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Hot Rods 53 Chevy gasser question

Discussion in 'The Hokey Ass Message Board' started by Toqwik, Feb 8, 2017.

  1. Toqwik
    Joined: Feb 1, 2003
    Posts: 1,306

    Toqwik
    Member

    I have built cars from the 20's, 30's, 40's and 60's, never the 50's. I found a 53 Bel Air one owner car that has floor and trunk rust that I plan to replace with sheet metal and not the original style floor pans and want to build a low budget gasser. I have read about a spacer in the original front suspension to get it up in the air. Is it safe and how do you do it. Does anyone have pictures of how to do it?


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  2. squirrel
    Joined: Sep 23, 2004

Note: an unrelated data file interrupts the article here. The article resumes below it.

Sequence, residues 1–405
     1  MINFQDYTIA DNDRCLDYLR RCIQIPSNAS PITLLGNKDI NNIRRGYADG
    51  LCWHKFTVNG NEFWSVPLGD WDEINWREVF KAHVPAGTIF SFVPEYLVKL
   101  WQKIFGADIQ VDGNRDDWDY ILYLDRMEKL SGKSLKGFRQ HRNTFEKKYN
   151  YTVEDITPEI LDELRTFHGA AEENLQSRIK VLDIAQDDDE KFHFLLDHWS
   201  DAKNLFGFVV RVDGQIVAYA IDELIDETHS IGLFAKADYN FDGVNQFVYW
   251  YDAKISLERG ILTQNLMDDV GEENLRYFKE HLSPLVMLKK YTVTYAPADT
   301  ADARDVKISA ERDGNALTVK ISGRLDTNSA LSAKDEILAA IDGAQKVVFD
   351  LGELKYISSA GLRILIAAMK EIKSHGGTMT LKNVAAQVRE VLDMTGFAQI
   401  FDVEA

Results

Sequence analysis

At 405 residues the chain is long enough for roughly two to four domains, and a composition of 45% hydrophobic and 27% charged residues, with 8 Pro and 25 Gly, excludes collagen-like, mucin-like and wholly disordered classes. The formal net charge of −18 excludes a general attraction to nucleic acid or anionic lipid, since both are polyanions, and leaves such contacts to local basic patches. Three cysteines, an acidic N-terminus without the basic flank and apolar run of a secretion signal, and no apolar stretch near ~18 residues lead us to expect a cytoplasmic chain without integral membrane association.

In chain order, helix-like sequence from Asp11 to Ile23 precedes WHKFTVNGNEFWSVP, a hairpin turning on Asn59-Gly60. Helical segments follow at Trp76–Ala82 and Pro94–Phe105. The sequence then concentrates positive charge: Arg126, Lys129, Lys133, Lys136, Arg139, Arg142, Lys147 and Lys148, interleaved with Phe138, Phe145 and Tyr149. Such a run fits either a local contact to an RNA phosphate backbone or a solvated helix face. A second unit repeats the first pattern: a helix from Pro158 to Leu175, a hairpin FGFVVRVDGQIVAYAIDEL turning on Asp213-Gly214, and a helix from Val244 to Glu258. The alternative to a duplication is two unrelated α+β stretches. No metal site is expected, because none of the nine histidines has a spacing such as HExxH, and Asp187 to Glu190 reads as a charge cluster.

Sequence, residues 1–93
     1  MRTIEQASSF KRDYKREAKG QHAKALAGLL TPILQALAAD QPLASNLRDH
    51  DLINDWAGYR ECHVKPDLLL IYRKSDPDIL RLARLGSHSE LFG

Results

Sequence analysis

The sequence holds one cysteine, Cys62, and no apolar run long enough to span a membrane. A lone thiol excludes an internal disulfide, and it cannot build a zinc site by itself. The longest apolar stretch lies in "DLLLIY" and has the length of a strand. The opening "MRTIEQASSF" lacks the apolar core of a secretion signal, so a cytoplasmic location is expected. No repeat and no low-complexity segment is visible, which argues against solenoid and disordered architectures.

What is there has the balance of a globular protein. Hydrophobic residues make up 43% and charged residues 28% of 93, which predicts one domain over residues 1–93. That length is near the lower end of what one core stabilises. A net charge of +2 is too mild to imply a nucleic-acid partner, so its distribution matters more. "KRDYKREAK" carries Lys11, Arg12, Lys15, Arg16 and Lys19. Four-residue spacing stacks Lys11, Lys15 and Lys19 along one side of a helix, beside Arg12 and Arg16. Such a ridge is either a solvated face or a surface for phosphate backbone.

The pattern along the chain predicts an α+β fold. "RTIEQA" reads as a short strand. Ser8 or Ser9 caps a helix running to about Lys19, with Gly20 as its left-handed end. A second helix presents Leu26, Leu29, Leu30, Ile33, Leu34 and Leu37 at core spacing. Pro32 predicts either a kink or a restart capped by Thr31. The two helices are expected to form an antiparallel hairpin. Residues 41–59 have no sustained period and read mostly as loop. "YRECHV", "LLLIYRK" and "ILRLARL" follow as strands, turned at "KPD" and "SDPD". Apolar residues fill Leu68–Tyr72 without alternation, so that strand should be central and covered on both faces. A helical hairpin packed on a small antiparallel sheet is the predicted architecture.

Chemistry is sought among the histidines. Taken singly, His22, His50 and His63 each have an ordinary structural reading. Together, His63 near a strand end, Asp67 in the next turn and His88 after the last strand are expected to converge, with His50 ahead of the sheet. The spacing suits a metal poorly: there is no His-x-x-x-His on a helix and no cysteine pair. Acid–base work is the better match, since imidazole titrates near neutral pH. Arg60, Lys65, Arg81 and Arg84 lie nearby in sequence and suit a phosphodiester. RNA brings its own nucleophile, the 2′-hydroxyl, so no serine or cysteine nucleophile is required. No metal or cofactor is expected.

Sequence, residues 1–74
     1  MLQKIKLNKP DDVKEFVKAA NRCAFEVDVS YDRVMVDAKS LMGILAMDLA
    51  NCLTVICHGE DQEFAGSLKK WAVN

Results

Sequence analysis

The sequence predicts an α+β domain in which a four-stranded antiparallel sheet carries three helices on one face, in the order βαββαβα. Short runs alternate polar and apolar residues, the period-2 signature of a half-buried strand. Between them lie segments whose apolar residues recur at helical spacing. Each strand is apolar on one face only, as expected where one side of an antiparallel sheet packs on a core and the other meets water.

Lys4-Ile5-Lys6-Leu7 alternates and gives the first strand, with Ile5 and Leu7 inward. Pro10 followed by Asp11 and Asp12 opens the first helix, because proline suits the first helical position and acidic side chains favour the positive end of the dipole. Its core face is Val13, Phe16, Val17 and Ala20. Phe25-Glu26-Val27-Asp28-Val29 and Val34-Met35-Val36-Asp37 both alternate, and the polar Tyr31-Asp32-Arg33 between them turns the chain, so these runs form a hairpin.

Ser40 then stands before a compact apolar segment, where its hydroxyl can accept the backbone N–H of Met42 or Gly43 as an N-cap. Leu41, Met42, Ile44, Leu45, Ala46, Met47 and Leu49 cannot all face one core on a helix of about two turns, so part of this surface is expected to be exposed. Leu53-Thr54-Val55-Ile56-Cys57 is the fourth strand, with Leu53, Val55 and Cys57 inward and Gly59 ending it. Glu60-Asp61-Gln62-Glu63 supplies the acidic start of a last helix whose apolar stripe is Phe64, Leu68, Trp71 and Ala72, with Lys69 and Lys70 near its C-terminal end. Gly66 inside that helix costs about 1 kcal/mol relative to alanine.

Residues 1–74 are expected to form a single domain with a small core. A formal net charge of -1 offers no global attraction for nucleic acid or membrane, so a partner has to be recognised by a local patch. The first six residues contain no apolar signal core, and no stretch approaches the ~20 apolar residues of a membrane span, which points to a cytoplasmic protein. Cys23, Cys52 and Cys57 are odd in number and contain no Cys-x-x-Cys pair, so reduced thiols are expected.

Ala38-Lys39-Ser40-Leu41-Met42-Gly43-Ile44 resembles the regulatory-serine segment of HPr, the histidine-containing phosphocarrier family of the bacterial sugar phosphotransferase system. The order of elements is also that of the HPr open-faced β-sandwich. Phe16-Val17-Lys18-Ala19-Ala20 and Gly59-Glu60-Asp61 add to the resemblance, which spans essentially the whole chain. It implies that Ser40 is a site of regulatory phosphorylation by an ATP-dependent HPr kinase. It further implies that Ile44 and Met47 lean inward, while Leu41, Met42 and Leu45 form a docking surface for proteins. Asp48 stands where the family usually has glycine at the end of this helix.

Posts: 46,694

    squirrel
    Member

  3. 0NE BAD 51 MERC
    Joined: Nov 12, 2010
    Posts: 1,330

    0NE BAD 51 MERC
    Member

    Big Jon's Corvette from the early sixties was a prime example of that. It had 4" blocks between the k member and the frame. I would assume some kind of modification was done to the pitman arm/ steering linkage . I read where his were oak blocks , I would use steel. Would be as safe as long as the correct steering geometry is used . probly safer than some of the straight axle jobs I have seen .
     
  4. Jalopy Joker
    Joined: Sep 3, 2006
    Posts: 25,149

    Jalopy Joker
    Member

    search here for thread here: 1953/1954 Chevy Gassers
     

  5. Kurt